Executive Director, the Washington Office on Latin America
[cnn-photo-caption image=http://i2.cdn.turner.com/cnn/2009/WORLD/americas/03/24/us.mexico.relations/art.mexico.juarez.afp.gi.jpg caption="A federal police officer guards a checkpoint earlier this month in Ciudad Juarez, Mexico"]
More than 10,000 people have been killed in drug-related violence in Mexico since President Calderón assumed office in December 2006. In the past few weeks the United States has acknowledged that US demand for illegal drugs and its gun market fuel the drug trade and violence. The security crisis facing Mexico and the United States’ shared responsibility will be key topics for Presidents Barack Obama and Felipe Calderon when they meet in Mexico City this week. There is no quick fix to the drug violence plaguing Mexico, yet it is clear that current strategies are not enough.
The history of the war on drugs reminds us of the dangers of repeating the same policies with the hope that this time, things will be different. Mexico did not get to this point overnight, and the tactics being used to confront the drug trade – restructuring and purging the police and bringing in the military – are not new.
Just like President Calderon, former Mexican presidents Ernesto Zedillo and Vicente Fox promised to root out organized crime and restore public order by involving the armed forces. The results in both cases were the same: a few corrupt public officials and a number of drug traffickers were put in jail and there were short term tactical victories. In spite of these efforts, the hunger for drugs in the US kept the drug-traffic steadily flowing through Mexico, ensuring that new drug-traffickers took the place of their predecessors and “clean” soldiers and police officers were easily corruptible.
The problem with these efforts is that so far they have been incomplete. While the Mexican government has implemented policies to root out corrupt police and to reform the justice system, the heart of the counter-drug strategy has been to overpower the cartels with military force. In the long term, handing over police functions to the military harms efforts to strengthen civilian police corps, as attention is drawn away from the need for police reform. Likewise, murders, kidnappings and other crimes remain unsolved given the weaknesses in Mexico’s justice system. According to the Mexican Citizen Institute for Research on Insecurity (INCESI), only one out of every five crimes are ever reported and for every 100 investigations that are begun, only four cases result in sentencing the person responsible. Mexico will not overcome the threats of the cartels until it can identify, prosecute, and punish drug traffickers, which the military cannot do. Effective police and judiciaries are necessary to achieve this end.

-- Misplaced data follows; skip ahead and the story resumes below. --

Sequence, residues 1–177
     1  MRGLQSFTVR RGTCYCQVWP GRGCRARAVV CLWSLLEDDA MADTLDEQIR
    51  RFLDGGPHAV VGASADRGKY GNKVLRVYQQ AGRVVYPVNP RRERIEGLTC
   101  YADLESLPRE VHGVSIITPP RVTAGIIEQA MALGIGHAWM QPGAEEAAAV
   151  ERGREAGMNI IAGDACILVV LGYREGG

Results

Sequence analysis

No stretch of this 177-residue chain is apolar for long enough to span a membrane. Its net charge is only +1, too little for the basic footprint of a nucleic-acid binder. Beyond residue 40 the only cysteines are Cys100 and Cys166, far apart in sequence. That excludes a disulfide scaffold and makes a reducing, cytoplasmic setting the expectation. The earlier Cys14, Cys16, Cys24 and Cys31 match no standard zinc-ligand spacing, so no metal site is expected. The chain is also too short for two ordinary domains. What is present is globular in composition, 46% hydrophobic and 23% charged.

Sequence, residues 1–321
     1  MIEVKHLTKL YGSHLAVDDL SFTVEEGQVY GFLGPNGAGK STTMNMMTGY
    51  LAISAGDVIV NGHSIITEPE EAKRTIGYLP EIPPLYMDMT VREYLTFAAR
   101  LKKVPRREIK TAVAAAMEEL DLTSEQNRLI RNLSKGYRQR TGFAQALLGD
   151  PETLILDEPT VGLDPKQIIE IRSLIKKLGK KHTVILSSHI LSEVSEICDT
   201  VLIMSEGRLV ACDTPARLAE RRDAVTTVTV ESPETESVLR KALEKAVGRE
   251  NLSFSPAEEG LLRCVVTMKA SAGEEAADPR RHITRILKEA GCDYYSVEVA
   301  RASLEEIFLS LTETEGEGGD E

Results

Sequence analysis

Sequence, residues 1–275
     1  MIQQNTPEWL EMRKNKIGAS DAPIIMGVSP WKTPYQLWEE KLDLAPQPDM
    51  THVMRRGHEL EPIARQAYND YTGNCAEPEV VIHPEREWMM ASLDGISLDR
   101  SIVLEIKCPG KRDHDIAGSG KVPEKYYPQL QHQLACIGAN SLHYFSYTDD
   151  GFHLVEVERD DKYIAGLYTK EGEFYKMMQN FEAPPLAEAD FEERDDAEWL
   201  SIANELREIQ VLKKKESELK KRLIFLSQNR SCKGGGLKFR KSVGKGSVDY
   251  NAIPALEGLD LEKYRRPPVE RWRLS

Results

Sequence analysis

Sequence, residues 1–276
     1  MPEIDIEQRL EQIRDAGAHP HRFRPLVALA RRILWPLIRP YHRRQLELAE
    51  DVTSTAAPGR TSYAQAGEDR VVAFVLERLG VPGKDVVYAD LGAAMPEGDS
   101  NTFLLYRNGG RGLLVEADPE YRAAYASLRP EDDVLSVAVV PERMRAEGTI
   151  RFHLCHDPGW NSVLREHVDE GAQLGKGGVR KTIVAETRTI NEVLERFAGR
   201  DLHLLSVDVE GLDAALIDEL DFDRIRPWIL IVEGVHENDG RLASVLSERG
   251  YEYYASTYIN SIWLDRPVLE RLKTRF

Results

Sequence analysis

Consider this: President Calderon has called upon approximately 45,000 soldiers to participate in counter drug operations since he took office in 2006. Less than six months ago, Operation “Clean-up”, launched by Mexico’s Attorney General’s Office, detained numerous Mexican officials for their links to organized crime, including members of President Calderon’s security team, the former director and other agents from the federal organized crime unit, and two former directors of Interpol Mexico’s office. Despite these efforts, the police continue to be riddled with corruption and poor performance. The Office of Control and Confidence within the Public Security Ministry, which evaluated 56,065 officers in 2008—approximately 15% of the police in Mexico–, reported that only 42% of these police were recommended for service.
In 2008 and 2009, the US government provided an unprecedented $700 million in security assistance to Mexico under the “Merida Initiative”. As the Obama Administration moves forward with additional assistance for Mexico, focus should be placed on supporting the country’s efforts to strengthen its institutions rather than on hardware and equipment. Equipment and technology will do little to bring the accountability, transparency, and reform that Mexican security forces need to fight criminal groups over the long haul. Success will not hinge upon helicopters or ion scanners. Similarly, arresting drug traffickers is futile unless there is a judiciary that is capable of prosecuting them and sending them to jail.
However, US support for Mexico’s efforts to combat drug trafficking will not be enough to reduce violence and combat drug trafficking. One of the most important things the United States must do to help Mexico cope with drug-related violence is to reduce US demand for drugs. The Obama administration has an important opportunity to rethink US drug policy, including providing additional resources for demand-side strategies such as treatment. Similarly, reevaluating US gun laws and regulations, and strengthening enforcement of these laws, would help to stem the flow of guns trafficked into Mexico. The Bureau of Alcohol, Tobacco, Firearms and Explosives (ATF) estimates that approximately 90% of the weapons confiscated by the Mexican government in their counter-drug operations originated in the United States.
As security cooperation broadens between Mexico and the United States, attention and resources for long-term reforms in the Mexican police and justice sector are needed to deal effectively with the inter-related problems of illicit drugs, crime, and violence. Likewise, while strengthening Mexico’s institutions is vital, this must be accompanied by efforts to curb drug consumption in the United States and crack down on gun sales that facilitate illegal arms trafficking into Mexico. Presidents Obama and Calderon should focus on the long-term reforms that have been neglected in the past and that are needed to quell the violence that plagues Mexico and that will inevitably impact the United States.
Filed under: Mexico
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